- Changed medication dosage (including starting new medication) within the past 8 weeks.
- Currently participating in Cognitive Behavioural Therapy.
- Do not complete the online screening questionnaire or unwilling to provide demographic details

Study design
Purpose of the study
Treatment
Allocation to intervention
Randomised controlled trial
Procedure for enrolling a subject and allocating the treatment (allocation concealment procedures)
Following assessment and offer of treatment, the participant will log into the online portal that delivers the internet-based intervention, at which point the portal will randomly assign them to a condition. That is, the assessor will have no role in randomizing the participant, and randomization will not take place until the participant has been accepted into the trial. Due to the nature of the treatments, allocation cannot be concealed form the participant once they have been allocated to the group.
Methods used to generate the sequence in which subjects will be randomised (sequence generation)
The online portal used for this trial generates a random number sequence to allocate participants to condition when they sign in (the random sequence has been developed based on random number generators using random.org). Randomization occurs after a participants is accepted into the trial and is therefore concealed from the interviewer.
Masking / blinding
Blinded (masking used)
Who is / are masked / blinded?


The people assessing the outcomes
Intervention assignment
Parallel
Other design features
Phase
Not Applicable
Type of endpoint(s)
Efficacy
Statistical methods / analysis
Linear mixed models will be used to analyse the data.

Recruitment
Recruitment status
Not yet recruiting
Date of first participant enrolment
Anticipated
Actual
Date of last participant enrolment
Anticipated
Actual
Date of last data collection
Anticipated
Actual
Sample size
Target
Accrual to date
Final
Recruitment in Australia
Recruitment state(s)
ACT,NSW,NT,QLD,SA,TAS,WA,VIC
Recruitment hospital [1] 11689 0
St Vincent's Hospital (Darlinghurst) - Darlinghurst
Recruitment postcode(s) [1] 23758 0
2010 - Darlinghurst

Funding & Sponsors
Funding source category [1] 299716 0
University
Name [1] 299716 0
University of New South Wales
Address [1] 299716 0
Mathews building
UNSW Sydney
Kensington Campus
NSW, Australia, 2052
Country [1] 299716 0
Australia
Funding source category [2] 300447 0
Hospital
Name [2] 300447 0
Clinical Research Unit for Anxiety and Depression
Address [2] 300447 0
Level 4, O’Brien Centre,
St Vincent’s Hospital,
390 Victoria St
Darlinghurst
NSW, 2010
Country [2] 300447 0
Australia
Primary sponsor type
University
Name
University of New South Wales
Address
Mathews building
UNSW Sydney
Kensington Campus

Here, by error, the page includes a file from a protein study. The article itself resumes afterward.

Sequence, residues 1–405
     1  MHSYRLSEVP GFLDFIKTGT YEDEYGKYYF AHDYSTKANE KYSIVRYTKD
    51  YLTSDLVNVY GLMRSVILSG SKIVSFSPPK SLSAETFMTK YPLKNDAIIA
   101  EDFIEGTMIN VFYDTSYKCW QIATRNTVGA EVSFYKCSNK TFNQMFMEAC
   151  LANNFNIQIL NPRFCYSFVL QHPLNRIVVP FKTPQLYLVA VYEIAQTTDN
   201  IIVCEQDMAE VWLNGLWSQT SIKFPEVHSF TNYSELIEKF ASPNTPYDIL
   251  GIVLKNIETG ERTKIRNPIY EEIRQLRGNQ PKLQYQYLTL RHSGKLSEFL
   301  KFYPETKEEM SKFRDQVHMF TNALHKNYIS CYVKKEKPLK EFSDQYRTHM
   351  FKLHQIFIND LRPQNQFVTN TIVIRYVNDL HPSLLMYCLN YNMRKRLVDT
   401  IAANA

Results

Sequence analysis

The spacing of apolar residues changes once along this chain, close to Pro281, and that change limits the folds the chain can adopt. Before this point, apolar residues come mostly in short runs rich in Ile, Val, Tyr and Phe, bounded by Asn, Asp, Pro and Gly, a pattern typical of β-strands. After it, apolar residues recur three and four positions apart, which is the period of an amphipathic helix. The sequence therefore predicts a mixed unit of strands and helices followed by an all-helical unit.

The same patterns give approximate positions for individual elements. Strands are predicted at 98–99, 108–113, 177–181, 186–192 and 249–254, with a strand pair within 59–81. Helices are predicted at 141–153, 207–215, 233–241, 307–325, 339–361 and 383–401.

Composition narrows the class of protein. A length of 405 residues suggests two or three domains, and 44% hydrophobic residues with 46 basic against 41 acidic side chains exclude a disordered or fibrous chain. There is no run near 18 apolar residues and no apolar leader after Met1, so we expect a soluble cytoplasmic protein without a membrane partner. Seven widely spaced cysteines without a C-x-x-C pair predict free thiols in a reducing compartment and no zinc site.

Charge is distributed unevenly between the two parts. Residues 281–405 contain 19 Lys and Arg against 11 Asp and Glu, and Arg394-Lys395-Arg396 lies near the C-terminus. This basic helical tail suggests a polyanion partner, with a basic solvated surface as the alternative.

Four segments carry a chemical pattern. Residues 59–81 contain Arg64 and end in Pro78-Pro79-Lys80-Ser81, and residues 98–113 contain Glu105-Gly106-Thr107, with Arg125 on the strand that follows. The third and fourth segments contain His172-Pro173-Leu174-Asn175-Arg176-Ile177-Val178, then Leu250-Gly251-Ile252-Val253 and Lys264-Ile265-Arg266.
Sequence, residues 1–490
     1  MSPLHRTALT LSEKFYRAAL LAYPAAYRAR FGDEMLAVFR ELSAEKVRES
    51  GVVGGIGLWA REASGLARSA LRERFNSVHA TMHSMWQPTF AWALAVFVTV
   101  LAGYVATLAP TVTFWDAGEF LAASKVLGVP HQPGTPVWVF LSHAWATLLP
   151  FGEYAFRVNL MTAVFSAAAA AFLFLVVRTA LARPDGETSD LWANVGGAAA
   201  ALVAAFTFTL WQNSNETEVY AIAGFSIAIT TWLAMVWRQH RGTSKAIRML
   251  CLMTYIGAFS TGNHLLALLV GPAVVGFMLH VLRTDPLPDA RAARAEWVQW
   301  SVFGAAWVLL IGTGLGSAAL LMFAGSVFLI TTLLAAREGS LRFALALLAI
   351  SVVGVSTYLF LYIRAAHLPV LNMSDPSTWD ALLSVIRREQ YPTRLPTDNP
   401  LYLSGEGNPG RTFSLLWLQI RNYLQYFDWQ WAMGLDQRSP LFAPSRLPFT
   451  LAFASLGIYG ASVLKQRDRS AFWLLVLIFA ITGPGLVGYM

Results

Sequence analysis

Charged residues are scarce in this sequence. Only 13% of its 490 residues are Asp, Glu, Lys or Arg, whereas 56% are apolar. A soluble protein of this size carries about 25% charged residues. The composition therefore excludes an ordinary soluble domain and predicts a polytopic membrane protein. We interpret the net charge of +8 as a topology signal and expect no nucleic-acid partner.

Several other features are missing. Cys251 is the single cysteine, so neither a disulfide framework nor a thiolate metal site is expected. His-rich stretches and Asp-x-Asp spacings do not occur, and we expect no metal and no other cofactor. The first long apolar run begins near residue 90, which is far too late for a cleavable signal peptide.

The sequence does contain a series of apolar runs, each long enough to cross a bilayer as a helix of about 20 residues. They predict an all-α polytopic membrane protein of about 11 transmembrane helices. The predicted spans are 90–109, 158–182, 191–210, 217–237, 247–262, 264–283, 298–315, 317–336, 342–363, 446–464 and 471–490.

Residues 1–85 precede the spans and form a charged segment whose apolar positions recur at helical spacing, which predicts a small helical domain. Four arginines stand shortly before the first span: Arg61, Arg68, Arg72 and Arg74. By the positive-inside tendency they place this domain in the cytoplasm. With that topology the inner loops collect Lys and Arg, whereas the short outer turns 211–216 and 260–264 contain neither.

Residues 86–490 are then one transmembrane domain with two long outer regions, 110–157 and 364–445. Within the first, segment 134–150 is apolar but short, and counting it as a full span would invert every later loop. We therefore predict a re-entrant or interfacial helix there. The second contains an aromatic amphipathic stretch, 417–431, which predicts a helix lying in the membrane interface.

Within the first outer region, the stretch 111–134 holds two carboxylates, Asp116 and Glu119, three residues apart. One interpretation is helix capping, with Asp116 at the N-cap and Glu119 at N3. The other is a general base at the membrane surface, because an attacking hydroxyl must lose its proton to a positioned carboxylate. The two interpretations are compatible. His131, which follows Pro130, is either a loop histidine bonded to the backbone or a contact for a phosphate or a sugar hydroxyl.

NSW, Australia, 2052
Country
Australia
Secondary sponsor category [1] 299048 0
University
Name [1] 299048 0
Clinical Research Unit for Anxiety and Depression
Address [1] 299048 0
Level 4, O’Brien Centre,
St Vincent’s Hospital,
390 Victoria St,
Darlinghurst
NSW, 2010
Country [1] 299048 0
Australia

Ethics approval
Ethics application status
Approved
Ethics committee name [1] 300604 0
St Vincent's Hospital Human Research Ethics Committee
Ethics committee address [1] 300604 0
St Vincent's Hospital Research Office
Translational Research Centre
97-105 Boundary St
Darlinghurst, NSW 2010
Ethics committee country [1] 300604 0
Australia
Date submitted for ethics approval [1] 300604 0
Approval date [1] 300604 0
02/08/2018
Ethics approval number [1] 300604 0
HREC/18/SVH/170

Summary
Brief summary
This randomised controlled trial seeks to compare the efficacy of two versions of internet-delivered cognitive behavioural therapy program for the treatment of panic disorder in adults. A multi-component program will be compared to an exposure-based program. Outcomes will be compared at mid-treatment, immediately following treatment and at 3-month and 6-month follow-ups.
Trial website
Trial related presentations / publications
Public notes

Contacts
Principal investigator
Name 84190 0
Dr Alison Mahoney
Address 84190 0
Clinical Research Unit for Anxiety and Depression (CRUfAD)
Level 4, O’Brien Centre,
St Vincent’s Hospital,
390 Victoria St,
Darlinghurst NSW 2010
Country 84190 0
Australia
Phone 84190 0
+612 8382 1400
Fax 84190 0
Email 84190 0
alison.mahoney@svha.org.au
Contact person for public queries
Name 84191 0
Ms Eileen Stech
Address 84191 0
Mathews Building
University of New South Wales, Sydney,
NSW, 2052
Country 84191 0
Australia
Phone 84191 0
+61293853425
Fax 84191 0
Email 84191 0
eileen.stech@unsw.edu.au
Contact person for scientific queries
Name 84192 0
Dr Jill Newby
Address 84192 0
Mathews Building
University of New South Wales, Sydney,
NSW, 2052
Country 84192 0
Australia
Phone 84192 0
+61293853425
Fax 84192 0
Email 84192 0
j.newby@unsw.edu.au

No information has been provided regarding IPD availability
Summary results
No Results